<span class="mw-page-title-main">Prediction of volcanic activity</span> Research to predict volcanic activity

Prediction of volcanic activity, or volcanic eruption forecasting, is an interdisciplinary monitoring and research effort to predict the time and severity of a volcano's eruption. Of particular importance is the prediction of hazardous eruptions that could lead to catastrophic loss of life, property, and disruption of human activities.

<span class="mw-page-title-main">Kīlauea Iki</span> Volcano crater

<span class="mw-page-title-main">Halemaʻumaʻu</span> Pit crater located within the summit caldera of Kīlauea in Hawaii

Halemaʻumaʻu is a pit crater within the much larger Kīlauea Caldera at the summit of Kīlauea volcano on island of Hawaiʻi. The roughly circular crater was 770 meters (2,530 ft) x 900 m (2,950 ft) before collapses that roughly doubled the size of the crater after May 3, 2018. Following the collapses of 2018, the bottom of Halemaʻumaʻu was roughly 600 m (2,000 ft) below the caldera floor. Halemaʻumaʻu is home to Pele, goddess of fire and volcanoes, according to the traditions of Hawaiian religion. Halemaʻumaʻu means "house of the ʻāmaʻu fern".

<span class="mw-page-title-main">Lava</span> Molten rock expelled by a volcano during an eruption

Lava is molten or partially molten rock (magma) that has been expelled from the interior of a terrestrial planet or a moon onto its surface. Lava may be erupted at a volcano or through a fracture in the crust, on land or underwater, usually at temperatures from 800 to 1,200 °C. The volcanic rock resulting from subsequent cooling is also often called lava.

<span class="mw-page-title-main">2018 lower Puna eruption</span> Volcanic eruption on Hawaiʻi Island

The 2018 lower Puna eruption was a volcanic event on the island of Hawaiʻi, on Kīlauea volcano's East Rift Zone that began on May 3, 2018. It is related to the larger eruption of Kīlauea that began on January 3, 1983, though some volcanologists and USGS scientists have discussed whether to classify it as a new eruption. Outbreaks of lava fountains up to 300 feet (90 m) high, lava flows, and volcanic gas in the Leilani Estates subdivision were preceded by earthquakes and ground deformation that created cracks in the roads.

<span class="mw-page-title-main">Deformation (volcanology)</span> Change in the shape of a volcano or the land surrounding it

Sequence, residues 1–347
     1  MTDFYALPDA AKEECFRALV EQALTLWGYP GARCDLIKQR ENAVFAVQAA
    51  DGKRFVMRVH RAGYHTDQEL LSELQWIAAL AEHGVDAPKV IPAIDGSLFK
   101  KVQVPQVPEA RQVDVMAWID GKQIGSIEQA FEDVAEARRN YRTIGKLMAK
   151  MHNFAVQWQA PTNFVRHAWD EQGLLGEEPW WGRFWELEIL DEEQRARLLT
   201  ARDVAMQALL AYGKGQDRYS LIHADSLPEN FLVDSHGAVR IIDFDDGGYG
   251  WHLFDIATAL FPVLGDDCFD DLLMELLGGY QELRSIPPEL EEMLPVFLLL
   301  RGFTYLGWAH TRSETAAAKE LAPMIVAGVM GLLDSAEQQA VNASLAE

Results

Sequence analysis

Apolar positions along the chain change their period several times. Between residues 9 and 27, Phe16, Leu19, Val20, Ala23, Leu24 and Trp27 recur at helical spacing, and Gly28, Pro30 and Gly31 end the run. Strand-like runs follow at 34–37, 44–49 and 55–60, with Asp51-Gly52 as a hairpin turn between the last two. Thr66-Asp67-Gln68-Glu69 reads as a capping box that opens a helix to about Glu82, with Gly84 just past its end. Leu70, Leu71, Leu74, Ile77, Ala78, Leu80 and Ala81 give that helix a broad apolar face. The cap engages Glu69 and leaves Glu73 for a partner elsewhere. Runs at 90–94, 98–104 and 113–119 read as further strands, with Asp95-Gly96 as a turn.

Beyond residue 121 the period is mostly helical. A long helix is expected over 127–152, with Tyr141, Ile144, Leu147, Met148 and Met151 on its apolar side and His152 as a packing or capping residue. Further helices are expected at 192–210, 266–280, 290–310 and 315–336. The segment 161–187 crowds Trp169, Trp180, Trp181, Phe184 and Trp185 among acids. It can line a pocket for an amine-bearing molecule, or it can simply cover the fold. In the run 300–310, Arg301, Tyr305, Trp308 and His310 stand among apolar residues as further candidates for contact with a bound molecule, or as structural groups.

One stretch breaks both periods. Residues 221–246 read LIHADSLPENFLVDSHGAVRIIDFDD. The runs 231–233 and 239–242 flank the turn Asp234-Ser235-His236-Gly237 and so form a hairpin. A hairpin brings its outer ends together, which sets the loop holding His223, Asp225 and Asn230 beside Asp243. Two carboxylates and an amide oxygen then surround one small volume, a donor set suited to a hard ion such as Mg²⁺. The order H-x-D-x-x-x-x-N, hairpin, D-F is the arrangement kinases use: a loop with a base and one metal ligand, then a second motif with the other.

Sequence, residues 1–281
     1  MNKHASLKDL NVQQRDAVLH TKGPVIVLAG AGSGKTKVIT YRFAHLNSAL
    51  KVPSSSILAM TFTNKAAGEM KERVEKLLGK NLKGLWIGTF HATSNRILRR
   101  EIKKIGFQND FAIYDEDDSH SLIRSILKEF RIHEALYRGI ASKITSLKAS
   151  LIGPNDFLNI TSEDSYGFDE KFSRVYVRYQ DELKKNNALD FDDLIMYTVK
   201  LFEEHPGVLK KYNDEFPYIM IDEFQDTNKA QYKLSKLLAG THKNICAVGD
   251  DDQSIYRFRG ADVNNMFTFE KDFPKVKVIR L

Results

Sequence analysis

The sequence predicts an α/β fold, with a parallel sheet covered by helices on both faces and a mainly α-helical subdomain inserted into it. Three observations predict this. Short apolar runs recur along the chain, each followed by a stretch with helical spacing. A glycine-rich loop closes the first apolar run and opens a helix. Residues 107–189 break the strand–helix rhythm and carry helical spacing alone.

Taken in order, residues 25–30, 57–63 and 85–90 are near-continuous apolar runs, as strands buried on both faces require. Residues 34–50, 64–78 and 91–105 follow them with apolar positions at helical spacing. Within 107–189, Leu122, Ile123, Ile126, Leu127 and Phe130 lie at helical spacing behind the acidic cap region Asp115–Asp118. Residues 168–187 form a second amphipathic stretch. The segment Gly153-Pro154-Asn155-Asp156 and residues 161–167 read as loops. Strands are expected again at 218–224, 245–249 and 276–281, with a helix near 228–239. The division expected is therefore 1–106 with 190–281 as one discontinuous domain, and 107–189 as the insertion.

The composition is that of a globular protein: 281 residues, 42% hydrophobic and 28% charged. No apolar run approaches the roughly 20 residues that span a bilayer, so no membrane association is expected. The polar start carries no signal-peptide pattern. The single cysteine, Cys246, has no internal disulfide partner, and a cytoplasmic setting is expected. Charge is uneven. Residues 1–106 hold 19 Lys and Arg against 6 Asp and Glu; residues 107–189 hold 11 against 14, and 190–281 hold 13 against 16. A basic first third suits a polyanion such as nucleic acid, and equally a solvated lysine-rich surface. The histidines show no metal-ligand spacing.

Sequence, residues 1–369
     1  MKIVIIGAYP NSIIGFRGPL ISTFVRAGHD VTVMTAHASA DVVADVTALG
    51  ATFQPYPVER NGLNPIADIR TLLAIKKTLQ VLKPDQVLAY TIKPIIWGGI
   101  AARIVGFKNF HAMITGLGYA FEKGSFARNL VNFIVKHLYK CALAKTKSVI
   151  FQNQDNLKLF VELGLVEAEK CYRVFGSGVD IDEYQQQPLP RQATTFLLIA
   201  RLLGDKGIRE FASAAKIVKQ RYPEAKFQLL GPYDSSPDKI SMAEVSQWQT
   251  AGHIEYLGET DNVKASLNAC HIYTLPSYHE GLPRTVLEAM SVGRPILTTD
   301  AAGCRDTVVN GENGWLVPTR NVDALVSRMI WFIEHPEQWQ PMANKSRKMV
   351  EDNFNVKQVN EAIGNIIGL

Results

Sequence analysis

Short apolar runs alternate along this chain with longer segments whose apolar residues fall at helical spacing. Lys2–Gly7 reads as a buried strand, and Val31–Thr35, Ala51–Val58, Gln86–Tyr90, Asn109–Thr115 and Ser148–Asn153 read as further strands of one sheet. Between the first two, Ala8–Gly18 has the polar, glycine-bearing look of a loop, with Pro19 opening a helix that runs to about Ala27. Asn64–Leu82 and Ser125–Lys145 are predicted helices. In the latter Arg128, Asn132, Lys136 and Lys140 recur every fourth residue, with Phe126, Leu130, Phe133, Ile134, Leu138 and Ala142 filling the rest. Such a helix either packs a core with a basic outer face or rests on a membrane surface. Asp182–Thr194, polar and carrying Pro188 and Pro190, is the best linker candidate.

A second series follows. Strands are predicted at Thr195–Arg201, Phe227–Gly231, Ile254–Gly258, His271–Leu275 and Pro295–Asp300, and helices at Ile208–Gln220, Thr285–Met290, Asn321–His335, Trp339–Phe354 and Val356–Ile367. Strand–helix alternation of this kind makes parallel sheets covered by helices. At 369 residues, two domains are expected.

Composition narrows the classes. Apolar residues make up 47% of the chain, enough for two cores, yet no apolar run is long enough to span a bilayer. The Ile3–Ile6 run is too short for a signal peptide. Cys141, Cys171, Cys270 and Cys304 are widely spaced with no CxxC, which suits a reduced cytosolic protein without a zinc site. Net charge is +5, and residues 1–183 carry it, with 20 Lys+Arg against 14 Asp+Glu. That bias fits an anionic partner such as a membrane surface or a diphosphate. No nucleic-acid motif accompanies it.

In volcanology, deformation is any change in the shape of a volcano or the land surrounding it. This can be in the form of inflation, which is a response to pressurization, or deflation, which is a response to depressurization. Inflation is represented by swelling of the ground surface, a volcanic edifice, or a subsurface magma body. It can be caused by magma accumulation, exsolution of volatiles, geothermal processes, heating, and tectonic compression. Deflation is represented by shrinking of the ground surface, a volcanic edifice, or a subsurface magma body. It can be caused by magma withdrawal, volatile escape, thermal contraction, phase changes during crystallization, and tectonic extension. Deformation is a key indicator of pre-eruptive unrest at many active volcanoes. The term bradyseism is used in the volcanological literature to mean the vertical ground movements associated with the Phlegraean Fields volcanic area west of Naples, Italy.

<span class="mw-page-title-main">Tilt detector</span>

A tilt detector or tilt indicator is a device which indicates whether a tilt has occurred. Tilt detectors can be used on shipments of tilt sensible items to indicate whether a potentially damaging tilt have occurred. They are also used in the field of electronics or automotive on some models to detect if a change in vehicle inclination has occurred.

<span class="mw-page-title-main">2022 eruption of Mauna Loa</span> 2022 volcano eruption in Hawaiʻi

The 2022 eruption of Mauna Loa was an episode of eruptive volcanic activity at Mauna Loa, the world's largest active volcano, located on Hawaiʻi island, Hawaiʻi. Mauna Loa began to erupt shortly before midnight HST on November 27, 2022, when lava flows emerged from fissure vents in Moku‘āweoweo. It marked the first eruption at the volcano in 38 years. The eruption ended on December 13, 2022, after more than two weeks.


  1. John Dunnicliff Geotechnical instrumentation for monitoring field performance Wiley-IEEE, 1993 ISBN   0-471-00546-0, pp. 216–219
  2. "How We Monitor Volcanoes". Volcanoes.usgs.gov. 2008-08-13. Retrieved 2014-05-30.
  3. "What is a Tiltmeter?". www.wisegeek.com. 2014-05-30. Retrieved 2014-05-30.
  4. "Tiltmeter Basics". www.geomechanics.com. Archived from the original on August 25, 2006.
  5. "Movement on the Surface Provides Information About the Subsurface | U.S. Geological Survey".
  6. "How We Monitor Volcanoes". Volcanoes.usgs.gov. 2008-08-13. Retrieved 2014-02-05.